I was playing around with our firm’s pension tool the other day after plopping in assumptions for retirement date, assumed future salary increases and other factors, the model would return what various pension options would pay me per month. For instance, if I wanted my survivor (wife) to enjoy the same monthly income after my death, the payment’s lower than if it were payments to me alone. These numbers are all based on actuarial assumptions about life expectancy. However, what I found to be misleading, and especially so for people who don’t often think in terms of present versus future value, is that all values are quoted in future dollars. If you don’t get a pension, chances are you’ll be receiving (or at least you’re promised as of now) Social Security. These projects are also quoted in future dollars.
Future Dollar Quotations are Deceiving
The problem with quoting future obligations in future dollars is, $2,000 in 25 years is worth just a fraction in today’s dollars – so it will be woefully inadequate to live on. For this reason, looking at these dollar figures is completely futile, useless, unless you’re only a couple years from retirement (or really, receipt of funds). In order to make a meaningful assessment, you need to convert to present day dollars.
This is a simple as making an assumption on future inflation and then performing a simple excel calculation. If you want to do this on the fly, there are even tricks you can do in your head.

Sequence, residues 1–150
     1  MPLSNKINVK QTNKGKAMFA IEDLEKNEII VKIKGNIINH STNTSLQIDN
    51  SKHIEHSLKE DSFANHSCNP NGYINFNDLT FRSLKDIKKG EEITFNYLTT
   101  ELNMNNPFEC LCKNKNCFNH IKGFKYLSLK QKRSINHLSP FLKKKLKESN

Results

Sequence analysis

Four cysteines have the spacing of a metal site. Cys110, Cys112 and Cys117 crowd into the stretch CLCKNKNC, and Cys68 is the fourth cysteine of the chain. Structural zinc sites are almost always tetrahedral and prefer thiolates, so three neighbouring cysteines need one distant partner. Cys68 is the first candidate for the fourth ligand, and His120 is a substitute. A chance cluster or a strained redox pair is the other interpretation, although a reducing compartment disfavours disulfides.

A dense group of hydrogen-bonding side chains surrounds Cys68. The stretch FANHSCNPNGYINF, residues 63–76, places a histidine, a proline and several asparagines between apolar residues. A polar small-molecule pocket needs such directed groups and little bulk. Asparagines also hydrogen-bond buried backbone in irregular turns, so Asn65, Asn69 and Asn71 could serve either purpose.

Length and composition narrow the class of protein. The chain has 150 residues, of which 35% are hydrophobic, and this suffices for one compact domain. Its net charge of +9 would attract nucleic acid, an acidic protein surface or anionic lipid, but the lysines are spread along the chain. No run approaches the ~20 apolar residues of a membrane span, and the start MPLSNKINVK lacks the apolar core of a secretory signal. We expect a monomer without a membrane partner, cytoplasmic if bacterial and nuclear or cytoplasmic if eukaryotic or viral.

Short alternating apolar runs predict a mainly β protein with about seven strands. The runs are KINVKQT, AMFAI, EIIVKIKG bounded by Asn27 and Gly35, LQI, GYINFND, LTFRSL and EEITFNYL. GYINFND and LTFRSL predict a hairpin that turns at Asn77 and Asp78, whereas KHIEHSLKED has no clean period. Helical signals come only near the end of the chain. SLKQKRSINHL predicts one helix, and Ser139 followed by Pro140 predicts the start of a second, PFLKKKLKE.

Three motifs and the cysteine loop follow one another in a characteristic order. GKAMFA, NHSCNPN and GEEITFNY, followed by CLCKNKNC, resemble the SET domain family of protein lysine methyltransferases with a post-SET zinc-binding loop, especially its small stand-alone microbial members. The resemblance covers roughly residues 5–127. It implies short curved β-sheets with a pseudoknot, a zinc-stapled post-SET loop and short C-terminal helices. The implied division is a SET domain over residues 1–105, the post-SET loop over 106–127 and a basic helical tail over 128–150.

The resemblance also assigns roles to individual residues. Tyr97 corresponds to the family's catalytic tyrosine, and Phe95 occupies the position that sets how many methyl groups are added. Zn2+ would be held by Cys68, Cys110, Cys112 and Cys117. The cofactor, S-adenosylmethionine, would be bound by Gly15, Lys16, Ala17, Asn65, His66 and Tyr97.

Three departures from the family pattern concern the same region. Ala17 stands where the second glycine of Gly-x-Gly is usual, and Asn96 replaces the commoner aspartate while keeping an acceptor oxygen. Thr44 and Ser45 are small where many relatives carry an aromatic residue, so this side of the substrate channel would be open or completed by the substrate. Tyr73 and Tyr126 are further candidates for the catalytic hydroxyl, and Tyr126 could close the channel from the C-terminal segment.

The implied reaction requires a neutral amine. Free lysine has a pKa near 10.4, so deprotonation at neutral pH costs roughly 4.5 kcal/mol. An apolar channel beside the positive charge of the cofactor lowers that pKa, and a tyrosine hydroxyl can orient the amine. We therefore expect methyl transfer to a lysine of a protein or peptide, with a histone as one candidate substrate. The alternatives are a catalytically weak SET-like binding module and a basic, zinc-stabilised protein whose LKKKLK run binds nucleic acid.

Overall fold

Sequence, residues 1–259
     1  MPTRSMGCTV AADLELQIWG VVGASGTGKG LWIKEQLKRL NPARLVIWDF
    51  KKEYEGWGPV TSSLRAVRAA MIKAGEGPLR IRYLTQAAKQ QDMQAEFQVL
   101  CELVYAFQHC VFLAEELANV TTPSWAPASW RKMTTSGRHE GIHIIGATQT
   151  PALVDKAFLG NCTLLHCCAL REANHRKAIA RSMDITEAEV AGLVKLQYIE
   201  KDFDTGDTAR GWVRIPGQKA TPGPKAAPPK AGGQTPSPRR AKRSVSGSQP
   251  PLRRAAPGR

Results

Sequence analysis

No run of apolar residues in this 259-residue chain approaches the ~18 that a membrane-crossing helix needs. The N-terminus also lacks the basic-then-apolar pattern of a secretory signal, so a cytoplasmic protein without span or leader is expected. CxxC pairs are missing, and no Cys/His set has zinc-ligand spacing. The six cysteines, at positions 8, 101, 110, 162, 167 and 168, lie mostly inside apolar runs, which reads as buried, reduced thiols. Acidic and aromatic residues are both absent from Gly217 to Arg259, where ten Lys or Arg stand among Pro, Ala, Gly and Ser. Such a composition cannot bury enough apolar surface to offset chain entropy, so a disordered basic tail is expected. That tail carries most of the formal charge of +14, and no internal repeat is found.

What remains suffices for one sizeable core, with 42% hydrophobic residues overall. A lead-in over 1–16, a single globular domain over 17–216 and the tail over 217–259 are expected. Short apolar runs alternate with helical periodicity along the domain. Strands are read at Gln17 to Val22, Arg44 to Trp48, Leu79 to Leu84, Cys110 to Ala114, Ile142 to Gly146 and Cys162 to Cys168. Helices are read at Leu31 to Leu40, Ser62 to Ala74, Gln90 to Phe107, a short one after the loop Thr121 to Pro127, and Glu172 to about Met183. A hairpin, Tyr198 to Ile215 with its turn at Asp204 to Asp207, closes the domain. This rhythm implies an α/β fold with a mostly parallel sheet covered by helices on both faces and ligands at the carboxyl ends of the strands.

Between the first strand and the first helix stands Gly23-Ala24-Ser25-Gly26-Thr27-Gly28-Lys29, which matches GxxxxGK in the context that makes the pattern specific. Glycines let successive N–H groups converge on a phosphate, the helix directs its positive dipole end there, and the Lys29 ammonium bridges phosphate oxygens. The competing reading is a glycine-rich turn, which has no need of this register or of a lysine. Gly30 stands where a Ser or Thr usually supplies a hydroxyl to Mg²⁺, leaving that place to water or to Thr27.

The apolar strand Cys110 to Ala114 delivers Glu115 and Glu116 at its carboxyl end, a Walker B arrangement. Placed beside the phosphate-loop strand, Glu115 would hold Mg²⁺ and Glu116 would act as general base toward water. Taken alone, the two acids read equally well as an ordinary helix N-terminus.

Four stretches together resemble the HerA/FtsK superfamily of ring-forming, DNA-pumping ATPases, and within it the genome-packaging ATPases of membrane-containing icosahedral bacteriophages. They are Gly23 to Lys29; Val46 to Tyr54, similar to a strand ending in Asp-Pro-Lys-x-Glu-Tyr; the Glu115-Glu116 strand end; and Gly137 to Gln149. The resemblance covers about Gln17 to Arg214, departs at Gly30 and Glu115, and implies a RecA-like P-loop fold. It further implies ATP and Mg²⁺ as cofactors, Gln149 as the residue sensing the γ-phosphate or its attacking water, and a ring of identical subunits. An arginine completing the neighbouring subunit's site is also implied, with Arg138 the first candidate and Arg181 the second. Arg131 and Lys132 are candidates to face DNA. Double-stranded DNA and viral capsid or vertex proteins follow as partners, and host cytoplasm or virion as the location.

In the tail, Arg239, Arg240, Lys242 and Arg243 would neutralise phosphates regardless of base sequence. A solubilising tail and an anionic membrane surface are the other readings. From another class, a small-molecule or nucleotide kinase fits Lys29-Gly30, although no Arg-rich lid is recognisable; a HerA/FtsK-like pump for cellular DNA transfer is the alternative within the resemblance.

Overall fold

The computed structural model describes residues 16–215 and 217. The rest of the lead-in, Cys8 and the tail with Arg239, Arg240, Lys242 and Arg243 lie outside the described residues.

- Excel – There are PV, NPV and FV functions out there, but to really see how present value is calculated, it’s as simple as first identifying the inflation rate and the number of years you have in mind. If I want to know what $5,000 25 years into the future is worth at an assumed 3% inflation rate, I simply input the following equation: =5000/(1.03)^25 . The answer is $2388. Note that your future payment is worth only HALF what you were presented with on the screen. This is inflation at work.
- Rule of 72 – The rule of 72, while not perfect, is a pretty good way to determine how many years it takes for a value to double at a particular interest rate. In this case, if you assume 3% inflation, then, 72/3 = 24. In excel, this works out nicely such that (1.03)^24 = 2.03. That’s good enough for me. What it says is that every 24 years, your purchasing power will be cut in half at that given interest rate.
So, a nice rule of thumb would be that if you’re say, 22-28 years from retirement and you see a pension estimate of $4,000 a month in retirement, just realize that you’re really looking at about $2,000 in today’s dollars – ballpark.
These concepts apply to so many facets of personal finance and investing I couldn’t possibly list them here. It’s good to understand the basics because inevitably, you’ll be presented with a decision or information at some point where this would come in handy.
Do You Always Convert Back to Present Value?